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A term commonly applied in the Practice of Law to an attorney who has been employed to aid in the preparation and management of a particular case but who is not the principal attorney in the action.
Of counsel is also sometimes used in reference to an attorney who is associated with a law firm, but is neither a partner nor an associate.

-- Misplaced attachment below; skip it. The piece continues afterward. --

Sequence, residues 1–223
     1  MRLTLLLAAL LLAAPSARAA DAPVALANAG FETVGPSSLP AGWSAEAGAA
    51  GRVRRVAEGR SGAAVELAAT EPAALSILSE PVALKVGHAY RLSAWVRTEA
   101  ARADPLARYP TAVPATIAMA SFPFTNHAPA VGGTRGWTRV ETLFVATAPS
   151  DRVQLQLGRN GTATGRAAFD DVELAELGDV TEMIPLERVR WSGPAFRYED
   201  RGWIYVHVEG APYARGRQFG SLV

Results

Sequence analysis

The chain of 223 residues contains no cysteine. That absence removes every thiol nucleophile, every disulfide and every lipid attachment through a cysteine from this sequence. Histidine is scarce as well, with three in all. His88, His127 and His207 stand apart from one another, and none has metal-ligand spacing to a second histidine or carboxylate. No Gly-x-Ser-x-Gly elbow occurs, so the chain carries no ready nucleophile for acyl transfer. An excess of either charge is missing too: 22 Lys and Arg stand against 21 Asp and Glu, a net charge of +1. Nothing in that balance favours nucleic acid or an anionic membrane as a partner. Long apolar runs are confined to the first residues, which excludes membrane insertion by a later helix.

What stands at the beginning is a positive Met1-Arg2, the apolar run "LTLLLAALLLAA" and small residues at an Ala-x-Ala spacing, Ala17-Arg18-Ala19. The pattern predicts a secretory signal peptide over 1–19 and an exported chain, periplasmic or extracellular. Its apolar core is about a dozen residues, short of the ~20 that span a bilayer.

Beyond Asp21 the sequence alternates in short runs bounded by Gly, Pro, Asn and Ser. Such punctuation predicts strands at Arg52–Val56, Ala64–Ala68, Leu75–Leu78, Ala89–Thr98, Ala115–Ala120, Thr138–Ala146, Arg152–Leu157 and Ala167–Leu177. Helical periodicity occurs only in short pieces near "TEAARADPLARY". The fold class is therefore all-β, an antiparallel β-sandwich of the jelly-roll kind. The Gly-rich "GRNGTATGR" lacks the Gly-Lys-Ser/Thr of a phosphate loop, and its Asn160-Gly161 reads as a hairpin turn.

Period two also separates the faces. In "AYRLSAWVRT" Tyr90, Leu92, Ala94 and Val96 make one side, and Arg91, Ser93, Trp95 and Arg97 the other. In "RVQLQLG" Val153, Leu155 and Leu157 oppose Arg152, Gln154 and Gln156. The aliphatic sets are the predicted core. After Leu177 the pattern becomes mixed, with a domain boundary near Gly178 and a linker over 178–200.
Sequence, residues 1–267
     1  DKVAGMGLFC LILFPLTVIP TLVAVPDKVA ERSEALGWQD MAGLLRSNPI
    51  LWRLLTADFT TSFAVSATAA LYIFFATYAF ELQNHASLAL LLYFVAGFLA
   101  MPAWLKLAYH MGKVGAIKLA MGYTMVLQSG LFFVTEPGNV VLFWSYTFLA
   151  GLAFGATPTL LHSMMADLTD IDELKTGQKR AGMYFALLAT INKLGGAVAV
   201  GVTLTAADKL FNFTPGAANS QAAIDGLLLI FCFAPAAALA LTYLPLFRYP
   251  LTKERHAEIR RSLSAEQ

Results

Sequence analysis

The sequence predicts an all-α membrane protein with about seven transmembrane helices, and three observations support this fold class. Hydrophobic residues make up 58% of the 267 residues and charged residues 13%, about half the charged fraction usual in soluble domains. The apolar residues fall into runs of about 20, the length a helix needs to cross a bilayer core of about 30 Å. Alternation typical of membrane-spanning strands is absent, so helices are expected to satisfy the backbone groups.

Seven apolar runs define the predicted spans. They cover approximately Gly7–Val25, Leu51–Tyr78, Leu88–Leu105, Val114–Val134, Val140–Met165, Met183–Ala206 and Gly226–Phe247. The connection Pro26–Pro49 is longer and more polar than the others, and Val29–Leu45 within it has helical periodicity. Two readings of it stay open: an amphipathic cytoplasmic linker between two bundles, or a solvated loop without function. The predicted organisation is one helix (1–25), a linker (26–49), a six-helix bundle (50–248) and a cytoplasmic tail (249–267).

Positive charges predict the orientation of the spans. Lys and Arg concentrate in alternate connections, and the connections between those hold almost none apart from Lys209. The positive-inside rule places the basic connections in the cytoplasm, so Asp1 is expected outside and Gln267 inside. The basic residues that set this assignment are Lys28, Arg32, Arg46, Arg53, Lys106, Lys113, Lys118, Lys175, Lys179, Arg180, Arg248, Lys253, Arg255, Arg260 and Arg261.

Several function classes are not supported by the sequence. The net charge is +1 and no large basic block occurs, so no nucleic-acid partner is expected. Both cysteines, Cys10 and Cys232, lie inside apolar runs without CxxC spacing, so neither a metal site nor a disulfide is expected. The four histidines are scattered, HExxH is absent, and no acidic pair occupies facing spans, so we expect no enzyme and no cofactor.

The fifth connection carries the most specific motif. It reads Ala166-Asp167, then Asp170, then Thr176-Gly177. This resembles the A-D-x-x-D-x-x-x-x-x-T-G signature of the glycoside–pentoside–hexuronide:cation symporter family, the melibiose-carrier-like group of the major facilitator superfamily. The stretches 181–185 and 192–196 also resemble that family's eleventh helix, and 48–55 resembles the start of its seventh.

adj. reference to an attorney who is not actively involved in the day-to-day work of a law firm, but may be available in particular matters or for consultation. This designation often identifies a semi-retired partner, an attorney who occasionally uses the office for a few clients, or one who only consults on a particular case or on his/her specialty. Putting the name of the attorney "of counsel" on a law firm's stationery gives the office the prestige of the lawyer's name and reputation, without requiring his/her full-time presence.